Obstructive sleep apnea affects nearly one billion people worldwide (OSA). As a result of OSA, sleep-breathing interruptions occur often and repeatedly. Having trouble sleeping and feeling tired during the day may result from this.
Continuous positive airway pressure is the gold standard for treating OSA. Treatment with continuous positive airway pressure (CPAP) involves the delivery of pressured air through the nose and/or mouth to maintain open airways. Although CPAP therapy has been shown to be highly successful, many people with OSA find that the equipment is too cumbersome to use while sleeping.
As an alternative to standard cpap machines, micro-CPAP technology is now in development. We’ll talk about how tiny CPAP devices work, how they differ from standard CPAP machines, and whether or not they’re useful for treating OSA.
A Micro CPAP Machine: What Is It?
There is not yet a fully functional tiny CPAP prototype. In spite of their widespread availability online, micro CPAP machines have yet to be approved by the FDA for use in the treatment of obstructive sleep apnea.
While conventional CPAP machines can be bulky, noisy, and limiting, the hope is that a mini CPAP device will be more accommodating to the user. The technology’s creators are hard at work on a portable, maskless, hoseless, and battery-operated version of the device.
Differences Between Typical CPAP Machines and Micro CPAP Devices
The standard CPAP machine has the following parts:
- Constant pressure is produced by this plug-in tabletop appliance, which is powered by electricity.
- A face mask that provides compressed air to the lungs during sleep.
- A tube that runs from the mask to the desktop device
Users of standard CPAP machines must assemble the device, fine-tune the mask’s fit, power on the machine, and settle into a comfortable posture before they can get any sleep. The inside air filter of a conventional CPAP machine must be changed on a regular basis, and the hose and mask must be cleaned and sterilized.
Micro CPAPs, on the other hand, are currently in development and contain silicon nose buds that fit within the nostrils. The device’s body, which sits just below the nose, houses the inhalation and exhalation vents and electronic components that work together to create positive airway pressure.
How a Micro Continuous Positive Airway Pressure Machine Works
Micro CPAP devices aim to produce continuous positive airway pressure without the use of a bulky CPAP machine and mask. The technology’s manufacturers are creating micro blowers to be used as an internal component. Electrostatic charge is used to power these little displacement pumps, which are then used to generate positive pressure in the airway.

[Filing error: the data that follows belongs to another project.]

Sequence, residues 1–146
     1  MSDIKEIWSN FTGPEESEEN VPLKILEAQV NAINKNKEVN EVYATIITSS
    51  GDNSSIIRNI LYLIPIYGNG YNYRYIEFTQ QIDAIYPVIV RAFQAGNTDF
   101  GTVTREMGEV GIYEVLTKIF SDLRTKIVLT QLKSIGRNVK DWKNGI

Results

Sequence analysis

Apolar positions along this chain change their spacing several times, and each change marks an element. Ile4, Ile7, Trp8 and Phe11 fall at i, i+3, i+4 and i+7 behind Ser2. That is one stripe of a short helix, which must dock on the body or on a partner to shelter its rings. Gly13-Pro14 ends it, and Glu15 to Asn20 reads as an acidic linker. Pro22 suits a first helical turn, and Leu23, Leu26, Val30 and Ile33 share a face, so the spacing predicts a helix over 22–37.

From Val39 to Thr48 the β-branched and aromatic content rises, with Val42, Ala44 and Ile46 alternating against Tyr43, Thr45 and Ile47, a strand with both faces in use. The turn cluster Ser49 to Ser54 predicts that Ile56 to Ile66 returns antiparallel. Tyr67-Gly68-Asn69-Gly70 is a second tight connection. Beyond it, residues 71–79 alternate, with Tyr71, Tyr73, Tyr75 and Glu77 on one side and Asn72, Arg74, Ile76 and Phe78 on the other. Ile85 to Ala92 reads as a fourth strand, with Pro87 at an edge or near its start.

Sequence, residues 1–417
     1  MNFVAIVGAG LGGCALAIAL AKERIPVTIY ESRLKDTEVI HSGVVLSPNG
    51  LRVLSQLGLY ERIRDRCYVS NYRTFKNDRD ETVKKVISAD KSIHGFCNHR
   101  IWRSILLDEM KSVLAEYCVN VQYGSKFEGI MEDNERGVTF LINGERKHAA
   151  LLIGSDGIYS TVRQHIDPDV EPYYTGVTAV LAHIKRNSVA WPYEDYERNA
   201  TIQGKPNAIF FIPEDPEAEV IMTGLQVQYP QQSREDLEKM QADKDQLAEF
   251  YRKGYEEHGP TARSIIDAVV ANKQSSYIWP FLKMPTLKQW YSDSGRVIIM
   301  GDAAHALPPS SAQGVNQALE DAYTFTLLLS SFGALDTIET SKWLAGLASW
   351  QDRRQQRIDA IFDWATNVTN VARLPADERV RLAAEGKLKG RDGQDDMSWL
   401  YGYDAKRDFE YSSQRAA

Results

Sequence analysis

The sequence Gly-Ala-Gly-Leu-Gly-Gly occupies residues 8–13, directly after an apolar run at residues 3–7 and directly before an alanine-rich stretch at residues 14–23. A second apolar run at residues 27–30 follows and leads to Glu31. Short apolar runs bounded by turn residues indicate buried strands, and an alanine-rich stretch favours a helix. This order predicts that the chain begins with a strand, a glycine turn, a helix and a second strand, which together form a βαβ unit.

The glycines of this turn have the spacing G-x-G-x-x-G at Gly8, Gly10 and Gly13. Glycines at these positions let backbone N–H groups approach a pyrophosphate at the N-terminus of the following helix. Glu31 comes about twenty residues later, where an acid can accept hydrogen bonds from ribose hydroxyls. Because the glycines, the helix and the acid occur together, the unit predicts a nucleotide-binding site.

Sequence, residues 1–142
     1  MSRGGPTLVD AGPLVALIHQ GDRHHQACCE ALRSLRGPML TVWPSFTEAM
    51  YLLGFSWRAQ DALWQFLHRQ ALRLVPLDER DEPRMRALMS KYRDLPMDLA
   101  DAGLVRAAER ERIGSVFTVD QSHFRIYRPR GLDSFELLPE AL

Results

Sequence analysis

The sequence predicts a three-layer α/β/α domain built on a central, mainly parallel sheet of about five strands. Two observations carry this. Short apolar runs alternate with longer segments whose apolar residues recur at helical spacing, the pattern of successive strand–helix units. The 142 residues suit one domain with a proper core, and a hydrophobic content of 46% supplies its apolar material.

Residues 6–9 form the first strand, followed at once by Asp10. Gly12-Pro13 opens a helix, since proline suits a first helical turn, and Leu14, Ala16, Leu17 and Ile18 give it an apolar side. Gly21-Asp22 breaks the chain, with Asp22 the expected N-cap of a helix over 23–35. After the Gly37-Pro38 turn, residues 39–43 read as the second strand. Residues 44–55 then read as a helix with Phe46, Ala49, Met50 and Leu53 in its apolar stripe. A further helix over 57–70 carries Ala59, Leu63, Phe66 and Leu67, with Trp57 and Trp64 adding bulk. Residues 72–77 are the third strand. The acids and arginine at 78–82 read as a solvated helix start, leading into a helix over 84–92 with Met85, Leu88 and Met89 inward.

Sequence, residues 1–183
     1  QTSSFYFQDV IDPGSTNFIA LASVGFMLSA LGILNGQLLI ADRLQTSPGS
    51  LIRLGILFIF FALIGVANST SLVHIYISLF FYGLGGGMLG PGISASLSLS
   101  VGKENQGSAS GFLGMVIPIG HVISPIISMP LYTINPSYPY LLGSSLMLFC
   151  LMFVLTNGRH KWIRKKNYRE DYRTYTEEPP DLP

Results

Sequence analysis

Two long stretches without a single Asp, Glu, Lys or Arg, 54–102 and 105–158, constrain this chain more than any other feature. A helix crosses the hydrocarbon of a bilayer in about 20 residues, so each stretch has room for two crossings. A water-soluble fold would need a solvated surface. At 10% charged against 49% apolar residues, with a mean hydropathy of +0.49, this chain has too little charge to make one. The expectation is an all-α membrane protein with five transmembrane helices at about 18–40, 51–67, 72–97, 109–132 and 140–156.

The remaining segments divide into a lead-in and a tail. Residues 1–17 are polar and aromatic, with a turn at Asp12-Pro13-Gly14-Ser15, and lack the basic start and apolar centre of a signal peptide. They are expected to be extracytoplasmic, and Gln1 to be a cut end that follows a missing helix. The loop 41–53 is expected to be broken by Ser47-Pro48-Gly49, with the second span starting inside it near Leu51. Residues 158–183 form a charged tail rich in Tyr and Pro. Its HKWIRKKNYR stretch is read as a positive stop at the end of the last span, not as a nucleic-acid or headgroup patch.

Each micro blower works like a bellow, pulling air in at one end and pushing it out the other to circulate it. The disposable mini CPAP is battery-operated, and its power supply is expected to last for up to eight hours.
Can OSA Be Treated with a Micro CPAP Machine?
The future of micro CPAP as an approved treatment for obstructive sleep apnea is uncertain because the technology is still in its early stages of development. Available data suggests that the device has a number of drawbacks in comparison to standard CPAP machines. Some of these drawbacks include;
There has been some confusion over the device’s pressure regulation due to conflicting information provided by the business developing micro CPAP technology. Similar to how contact lenses may be modified in power increments, the business promises that the first version of the device will be manufactured with a full range of pressure options corresponding to the user’s prescribed pressure number.
On the other hand, the site also claims that the first prototype will have a pressure sensor to automatically adjust pressure based on the user’s breathing patterns, making it similar to automated positive airway pressure (APAP) equipment. Because of this haziness, determining the device’s potential success is challenging.
Pressure settings for CPAP machines are prescribed by doctors and are unique to each patient. Settings for continuous positive airway pressure machines (CPAPs) are expressed in centimeters of water pressure (cm H2O). CPAP machines typically have pressure ranges from 4 to 20 cm H2O, though some do reach higher.
Micro CPAP devices may or may not be able to provide the same pressure range. The firm working on the technology has projected that it will be effective at depths of more than 20 centimeters of water.
Unfortunately, the company’s most recent technical update from February 2020 revealed that the micro blowers had only been proven to blow air at a level of about 5 cm H2O, which is nowhere near sufficient to bring the product to market. However, since then, no public updates have been made, leaving the technology’s future in doubt.
Decommissioning of Equipment
The currently developed tiny CPAP prototype is intended to be used only once. The company working on the tech has mentioned the possibility of a recycling program similar to that for printer ink cartridges, but it hasn’t explained how this would work with a battery-operated device that needs to be replaced every day.
Managing Relative Humidity
In addition to its benefits, CPAP therapy is not without its drawbacks, the most common of which are dry mouth and dry nasal passages. Some CPAP devices have humidifiers to moisten the pressured air and reduce the severity of these problems. Because of this, the tiny CPAP prototype hasn’t been updated to accommodate the humidification needs that may arise from prolonged use.
Has the Micro CPAP Device Received the Right Approval?
When it comes to treating sleep apnea, the device has not yet been given the green-light. New medical devices come through extensive testing and assessment to guarantee their safety for consumers. Since there is no currently available prototype, it is hard to say whether or not the gadget will ever be approved.